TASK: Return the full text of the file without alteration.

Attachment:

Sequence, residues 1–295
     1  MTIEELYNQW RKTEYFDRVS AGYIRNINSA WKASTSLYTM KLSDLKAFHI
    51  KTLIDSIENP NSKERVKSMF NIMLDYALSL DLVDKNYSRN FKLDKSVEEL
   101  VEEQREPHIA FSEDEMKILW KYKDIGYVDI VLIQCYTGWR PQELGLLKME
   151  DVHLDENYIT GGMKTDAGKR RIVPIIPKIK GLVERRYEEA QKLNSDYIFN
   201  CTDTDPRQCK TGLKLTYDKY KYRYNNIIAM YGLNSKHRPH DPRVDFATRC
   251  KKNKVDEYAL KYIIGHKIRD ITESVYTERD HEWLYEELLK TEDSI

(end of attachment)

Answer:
Sequence, residues 1–295
     1  MTIEELYNQW RKTEYFDRVS AGYIRNINSA WKASTSLYTM KLSDLKAFHI
    51  KTLIDSIENP NSKERVKSMF NIMLDYALSL DLVDKNYSRN FKLDKSVEEL
   101  VEEQREPHIA FSEDEMKILW KYKDIGYVDI VLIQCYTGWR PQELGLLKME
   151  DVHLDENYIT GGMKTDAGKR RIVPIIPKIK GLVERRYEEA QKLNSDYIFN
   201  CTDTDPRQCK TGLKLTYDKY KYRYNNIIAM YGLNSKHRPH DPRVDFATRC
   251  KKNKVDEYAL KYIIGHKIRD ITESVYTERD HEWLYEELLK TEDSI